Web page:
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Douglas of Kilspindie


Bell the Cat kills Spens of Kilspindie5th Earl of Angus, in a feud with Spens of Kilspindie, tore off Spen's leg with one stroke of his great sword. This appears to be how the lands of Kilspindie passed to the Douglases. Also later Douglas of Kilspindie used the title 'Greysteel' which may refer to the sword stroke used to obtain the lands of Kilspindie.  Reconstruction by Andrew Spratt  

Sir George of Kilspindie, brother of Archibald Douglas, 6th Earl of Angus

Sir Archibald Douglas of Kilspindie, b. c.1490, d. before 1540. 4th son of the 5th earl, nephew of the 6th earl, High Treasurer of Scotland, known as Greysteel.   It is usually said that his mother was Katherine Stirling, but he was more probably the son of Elizabeth Boyd.  Provost of Edinburgh (1515 and 1526).  He married in 1515 'a rich widow in Edinburgh', probably Isobel Hoppar.  She survived her husband.  It was probably his daughter who married Alexander, Master of Crawford.  They had a son, Archibald, who succeeded when the forfeiture was recalled in 1543.

Archibald, 2nd of Kilspindie was also Provost of Edinburgh 1553-1557 and 1559-1569.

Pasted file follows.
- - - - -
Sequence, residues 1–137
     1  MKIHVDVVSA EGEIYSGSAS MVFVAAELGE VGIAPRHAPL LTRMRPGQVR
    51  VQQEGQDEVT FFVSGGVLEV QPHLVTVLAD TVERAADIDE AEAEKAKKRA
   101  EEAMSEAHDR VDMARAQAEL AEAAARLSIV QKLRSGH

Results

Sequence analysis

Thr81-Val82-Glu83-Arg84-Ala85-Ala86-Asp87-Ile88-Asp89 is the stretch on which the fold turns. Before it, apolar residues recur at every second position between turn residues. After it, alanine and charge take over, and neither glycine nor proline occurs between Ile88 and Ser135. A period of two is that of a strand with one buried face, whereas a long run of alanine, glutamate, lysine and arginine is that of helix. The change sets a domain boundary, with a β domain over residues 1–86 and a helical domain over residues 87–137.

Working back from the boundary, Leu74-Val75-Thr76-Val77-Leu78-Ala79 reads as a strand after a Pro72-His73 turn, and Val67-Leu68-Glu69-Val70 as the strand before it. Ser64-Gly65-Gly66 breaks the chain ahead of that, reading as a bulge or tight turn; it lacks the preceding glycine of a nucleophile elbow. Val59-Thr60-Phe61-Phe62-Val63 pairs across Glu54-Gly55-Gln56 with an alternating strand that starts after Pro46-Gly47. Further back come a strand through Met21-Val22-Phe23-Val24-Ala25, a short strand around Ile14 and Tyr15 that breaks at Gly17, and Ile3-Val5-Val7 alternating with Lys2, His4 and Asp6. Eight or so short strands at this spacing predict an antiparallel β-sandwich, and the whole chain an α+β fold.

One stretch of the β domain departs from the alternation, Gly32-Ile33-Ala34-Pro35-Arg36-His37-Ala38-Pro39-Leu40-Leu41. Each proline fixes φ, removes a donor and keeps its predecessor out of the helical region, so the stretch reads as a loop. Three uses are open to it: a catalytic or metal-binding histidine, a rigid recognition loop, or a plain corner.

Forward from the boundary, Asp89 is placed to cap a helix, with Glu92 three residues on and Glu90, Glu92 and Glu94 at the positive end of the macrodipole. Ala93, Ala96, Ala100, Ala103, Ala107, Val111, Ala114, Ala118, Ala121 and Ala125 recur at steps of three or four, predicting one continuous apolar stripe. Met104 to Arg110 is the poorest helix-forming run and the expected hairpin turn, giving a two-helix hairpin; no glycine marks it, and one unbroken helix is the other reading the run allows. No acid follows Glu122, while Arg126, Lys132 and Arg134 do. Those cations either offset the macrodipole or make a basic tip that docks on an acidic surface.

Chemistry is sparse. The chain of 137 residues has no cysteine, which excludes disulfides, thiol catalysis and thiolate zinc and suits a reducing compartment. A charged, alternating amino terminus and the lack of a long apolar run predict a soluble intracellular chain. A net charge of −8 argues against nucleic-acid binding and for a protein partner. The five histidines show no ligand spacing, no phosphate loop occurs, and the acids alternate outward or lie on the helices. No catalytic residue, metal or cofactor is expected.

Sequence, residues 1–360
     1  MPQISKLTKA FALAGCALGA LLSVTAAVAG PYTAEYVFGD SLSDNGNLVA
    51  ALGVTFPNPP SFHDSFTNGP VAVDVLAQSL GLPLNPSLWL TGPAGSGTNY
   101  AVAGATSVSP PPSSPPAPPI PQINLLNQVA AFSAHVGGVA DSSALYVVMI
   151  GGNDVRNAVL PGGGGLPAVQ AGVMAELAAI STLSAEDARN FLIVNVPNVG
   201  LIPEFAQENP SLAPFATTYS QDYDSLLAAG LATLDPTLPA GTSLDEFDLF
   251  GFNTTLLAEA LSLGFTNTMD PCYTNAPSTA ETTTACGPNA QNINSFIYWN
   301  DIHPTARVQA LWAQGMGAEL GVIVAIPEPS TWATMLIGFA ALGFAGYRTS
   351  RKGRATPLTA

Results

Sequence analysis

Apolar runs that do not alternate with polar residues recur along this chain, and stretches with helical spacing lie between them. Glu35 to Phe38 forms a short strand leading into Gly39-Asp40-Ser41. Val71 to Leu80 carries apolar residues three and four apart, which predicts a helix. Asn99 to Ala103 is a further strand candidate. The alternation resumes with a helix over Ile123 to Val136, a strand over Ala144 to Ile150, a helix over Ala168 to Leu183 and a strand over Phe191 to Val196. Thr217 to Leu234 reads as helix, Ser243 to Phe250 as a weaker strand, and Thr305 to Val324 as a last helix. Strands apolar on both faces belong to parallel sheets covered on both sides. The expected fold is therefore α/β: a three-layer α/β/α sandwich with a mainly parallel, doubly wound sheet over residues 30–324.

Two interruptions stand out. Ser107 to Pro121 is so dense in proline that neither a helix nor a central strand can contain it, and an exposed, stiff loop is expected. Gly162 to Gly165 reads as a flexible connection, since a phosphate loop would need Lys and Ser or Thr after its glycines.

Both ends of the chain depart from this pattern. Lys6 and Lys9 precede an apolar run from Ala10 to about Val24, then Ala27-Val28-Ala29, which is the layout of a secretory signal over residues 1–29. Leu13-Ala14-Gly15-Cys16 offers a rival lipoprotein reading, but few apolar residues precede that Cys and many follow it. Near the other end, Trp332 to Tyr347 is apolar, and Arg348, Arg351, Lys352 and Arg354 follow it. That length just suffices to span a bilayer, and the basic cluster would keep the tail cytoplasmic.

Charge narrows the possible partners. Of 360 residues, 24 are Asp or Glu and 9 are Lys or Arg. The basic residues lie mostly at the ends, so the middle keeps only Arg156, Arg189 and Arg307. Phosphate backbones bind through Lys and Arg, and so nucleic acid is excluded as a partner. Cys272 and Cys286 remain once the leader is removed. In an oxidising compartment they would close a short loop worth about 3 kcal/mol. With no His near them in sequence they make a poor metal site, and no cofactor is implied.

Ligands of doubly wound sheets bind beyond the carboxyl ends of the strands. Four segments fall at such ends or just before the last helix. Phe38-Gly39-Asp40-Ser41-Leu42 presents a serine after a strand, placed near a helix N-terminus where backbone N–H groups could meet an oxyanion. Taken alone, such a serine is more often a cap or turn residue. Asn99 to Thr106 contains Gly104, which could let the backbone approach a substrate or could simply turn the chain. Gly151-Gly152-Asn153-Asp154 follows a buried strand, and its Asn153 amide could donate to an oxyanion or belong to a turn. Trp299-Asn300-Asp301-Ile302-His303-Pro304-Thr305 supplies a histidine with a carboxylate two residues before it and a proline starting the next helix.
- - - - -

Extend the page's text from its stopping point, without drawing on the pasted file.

Archibald Douglas of Kilspindle (probably 3rd of Kilspindie) was succeeded in the lands of Cramond by his son Patrick, who in turn alienated them to Alexander Douglas (probably not a son), a macer in Edinburgh in 1600. This Patrick also had a son, Patrick

Kilspindie and the Douglas family were condemned for treason and their lands forfeited at the September 1528 Parliament of Scotland. The King gave Kilspindie's tenement in Edinburgh to the new Treasurer, Robert Cairncross. Lands in Cunninghame went to Robert, Lord Maxwell, and Reidside near Tantallon Castle was given to Hugh Johnson, the King's cook.

Archibald, 2nd of Kilspindie, son of the above, succeeded to Kilspindie in 1543, upon the lifting of the sentence of forfeiture.

Greysteel has an illegitimate son, Bishop Alexander, half brother of  the 2nd of Kilspindie.

Patrick Douglas of Kilspindie added to (some say built) Kilspindie Castle in the early 1600s, but on his death, the castle passed, through his widow, Agnes Gray, to her new husband, Alexander Hay.  This Patrick had two sons, Patrick and Alexander, and a brother, James.


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Last modified: Monday, 25 March 2024